Congress needs to move on renewable energy act

Trout Unlimited photo.

By Corey Fisher

One of the unique things about wind and solar energy development is that they rely on a clean source of energy that can’t be used up in the same way as fossil fuels. However, a challenge for these developments is that they often require scaling up across a large footprint of land, and once a solar field or wind farm goes in, it’s there for the long haul.

When these projects are sited and approved, careful consideration is needed to ensure these developments balance the power values with potential impacts to the surrounding land. 

Addressing these issues is central to the new Bureau of Land Management rule released today finalizing regulations for leasing public land for wind and solar development. The long awaited rule creates a consistent process for leasing public lands for the purposes of developing renewable energy, while also ensuring that the public receives fair market value for this development on America’s public lands.

The competitive leasing provisions included in the rule are similar to the process already used for leasing oil and gas, but also promotes leasing within designated areas that have been identified as preferred locations for these developments. This is an important step that will help to ensure that leasing and future development is focused in those areas where there will be minimal conflicts with other land uses and management objectives, such as conserving fish and wildlife habitat.

These common sense provisions are a positive step in the right direction and will go a long way toward striking the right balance between energy development and habitat conservation by making sure projects are located in areas with the most energy potential and fewest conflicts.

However, even with the best siting decisions, large-scale wind and solar projects will take up big chunks of land for long periods of time, and some impacts will be unavoidable. This fact requires tools to offset impacts, including funding dedicated to improving fish and wildlife habitat in order to mitigate unavoidable impacts. Though no fault of their own, this is one place where the BLM’s rule comes up short.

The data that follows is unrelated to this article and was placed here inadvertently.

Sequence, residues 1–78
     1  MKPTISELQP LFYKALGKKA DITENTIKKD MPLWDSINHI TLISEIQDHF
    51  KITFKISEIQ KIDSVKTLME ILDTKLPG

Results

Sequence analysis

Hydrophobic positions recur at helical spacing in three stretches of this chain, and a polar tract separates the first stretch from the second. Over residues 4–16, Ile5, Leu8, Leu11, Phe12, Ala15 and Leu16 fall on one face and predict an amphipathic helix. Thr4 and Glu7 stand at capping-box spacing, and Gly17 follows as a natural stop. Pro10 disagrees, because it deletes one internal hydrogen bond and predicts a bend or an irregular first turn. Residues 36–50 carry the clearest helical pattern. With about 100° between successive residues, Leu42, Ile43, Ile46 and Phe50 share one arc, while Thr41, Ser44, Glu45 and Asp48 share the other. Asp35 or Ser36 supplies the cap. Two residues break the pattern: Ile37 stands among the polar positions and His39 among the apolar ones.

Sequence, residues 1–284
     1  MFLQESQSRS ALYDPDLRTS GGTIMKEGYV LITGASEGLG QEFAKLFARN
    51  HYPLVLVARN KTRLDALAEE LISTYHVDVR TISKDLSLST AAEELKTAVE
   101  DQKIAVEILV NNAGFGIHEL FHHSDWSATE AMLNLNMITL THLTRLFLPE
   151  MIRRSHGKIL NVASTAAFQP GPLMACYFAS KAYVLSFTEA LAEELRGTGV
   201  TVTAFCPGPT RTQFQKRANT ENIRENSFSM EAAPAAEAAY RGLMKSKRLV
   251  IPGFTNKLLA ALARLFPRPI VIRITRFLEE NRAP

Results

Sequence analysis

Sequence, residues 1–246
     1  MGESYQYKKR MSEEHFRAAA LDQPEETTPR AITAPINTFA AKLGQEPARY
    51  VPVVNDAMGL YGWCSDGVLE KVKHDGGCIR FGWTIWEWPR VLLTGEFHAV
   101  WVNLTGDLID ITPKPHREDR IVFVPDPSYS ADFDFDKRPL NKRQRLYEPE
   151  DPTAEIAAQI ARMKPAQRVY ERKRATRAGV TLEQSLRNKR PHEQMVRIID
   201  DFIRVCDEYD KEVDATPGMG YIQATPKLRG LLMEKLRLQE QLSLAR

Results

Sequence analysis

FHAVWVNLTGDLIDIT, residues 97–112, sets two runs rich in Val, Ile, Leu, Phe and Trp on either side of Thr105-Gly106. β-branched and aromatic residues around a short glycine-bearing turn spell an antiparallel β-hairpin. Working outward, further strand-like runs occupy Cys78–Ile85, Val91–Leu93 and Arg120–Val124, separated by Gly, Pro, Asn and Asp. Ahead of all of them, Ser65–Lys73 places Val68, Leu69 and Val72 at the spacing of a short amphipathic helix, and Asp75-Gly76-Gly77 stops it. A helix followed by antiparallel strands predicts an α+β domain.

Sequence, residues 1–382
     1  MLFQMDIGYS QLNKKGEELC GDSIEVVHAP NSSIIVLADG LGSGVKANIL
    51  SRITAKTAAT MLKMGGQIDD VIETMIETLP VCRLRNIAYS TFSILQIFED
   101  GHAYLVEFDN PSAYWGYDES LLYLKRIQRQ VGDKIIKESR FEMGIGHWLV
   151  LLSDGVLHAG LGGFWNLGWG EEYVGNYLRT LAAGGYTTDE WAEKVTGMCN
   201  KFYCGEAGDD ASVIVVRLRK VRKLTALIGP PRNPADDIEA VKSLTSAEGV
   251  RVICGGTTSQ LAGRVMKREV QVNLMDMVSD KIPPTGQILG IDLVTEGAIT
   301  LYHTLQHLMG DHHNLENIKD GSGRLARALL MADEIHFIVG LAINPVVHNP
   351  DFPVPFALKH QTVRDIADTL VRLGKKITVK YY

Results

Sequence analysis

Under Federal law, the BLM is not able to keep payments for the use of public lands, including the revenues that would be generated through wind and solar development. Instead, these revenues go directly to the U.S. Treasury. This problem can be solved if Congress would pass the Public Lands Renewable Energy Development Act.

A solar field generats power. Bureau of Land Management photo.

This innovative piece of legislation would build on the BLM’s leasing rule by creating a conservation fund using revenues generated by wind and solar projects operating on public lands. This conservation fund would be used in regions impacted by wind and solar energy development so that work can be done in nearby areas to offset the impacts from development on surrounding lands and waters and to enhance access to hunting and fishing opportunities on public lands.   This bill has long enjoyed bi-partisan support in both chambers of the U.S. Congress and demonstrates smart public policy.

When Congress gets back to work following the election, they will have a short window take up unfinished business during the lame duck session that will wrap up the 114th Congress.  One of the items that Congress should tackle is to pass this bill and ensure that both the permitting and conservation funding mechanisms become law.

Finding the balance between wind and solar development and the conservation of fish and wildlife habitat will take hard work, but it’s essential work.  Wind and solar offer the prospect of energy security and job growth, and we need these benefits to coexist with the outstanding cultural and economic benefits of hunting and fishing.

The BLM’s leasing rule is positive first step, but now we need Congress to do their part.  

 Corey Fisher is the Senior Policy Director for Trout Unlimited. He also represents Trout Unlimited as part of the Sportsmen for Responsible Energy Development coalition. He can be reached at


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